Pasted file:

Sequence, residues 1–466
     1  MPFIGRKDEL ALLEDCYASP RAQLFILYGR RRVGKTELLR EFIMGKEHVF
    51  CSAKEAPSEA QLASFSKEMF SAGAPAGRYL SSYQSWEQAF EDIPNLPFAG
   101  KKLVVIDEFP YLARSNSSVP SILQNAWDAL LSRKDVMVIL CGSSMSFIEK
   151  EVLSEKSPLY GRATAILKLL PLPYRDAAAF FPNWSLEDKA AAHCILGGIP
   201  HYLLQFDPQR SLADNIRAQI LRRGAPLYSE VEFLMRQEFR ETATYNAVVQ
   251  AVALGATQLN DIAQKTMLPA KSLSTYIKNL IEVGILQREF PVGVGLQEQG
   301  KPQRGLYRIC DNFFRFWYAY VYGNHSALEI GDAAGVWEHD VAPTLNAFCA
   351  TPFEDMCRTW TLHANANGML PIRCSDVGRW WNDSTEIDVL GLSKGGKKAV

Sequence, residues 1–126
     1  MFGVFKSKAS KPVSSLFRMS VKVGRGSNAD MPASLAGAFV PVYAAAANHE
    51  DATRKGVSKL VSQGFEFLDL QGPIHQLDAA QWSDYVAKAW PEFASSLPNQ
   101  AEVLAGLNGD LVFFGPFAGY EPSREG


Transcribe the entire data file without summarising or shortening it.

Sequence, residues 1–466
     1  MPFIGRKDEL ALLEDCYASP RAQLFILYGR RRVGKTELLR EFIMGKEHVF
    51  CSAKEAPSEA QLASFSKEMF SAGAPAGRYL SSYQSWEQAF EDIPNLPFAG
   101  KKLVVIDEFP YLARSNSSVP SILQNAWDAL LSRKDVMVIL CGSSMSFIEK
   151  EVLSEKSPLY GRATAILKLL PLPYRDAAAF FPNWSLEDKA AAHCILGGIP
   201  HYLLQFDPQR SLADNIRAQI LRRGAPLYSE VEFLMRQEFR ETATYNAVVQ
   251  AVALGATQLN DIAQKTMLPA KSLSTYIKNL IEVGILQREF PVGVGLQEQG
   301  KPQRGLYRIC DNFFRFWYAY VYGNHSALEI GDAAGVWEHD VAPTLNAFCA
   351  TPFEDMCRTW TLHANANGML PIRCSDVGRW WNDSTEIDVL GLSKGGKKAV

Sequence, residues 1–126
     1  MFGVFKSKAS KPVSSLFRMS VKVGRGSNAD MPASLAGAFV PVYAAAANHE
    51  DATRKGVSKL VSQGFEFLDL QGPIHQLDAA QWSDYVAKAW PEFASSLPNQ
   101  AEVLAGLNGD LVFFGPFAGY EPSREG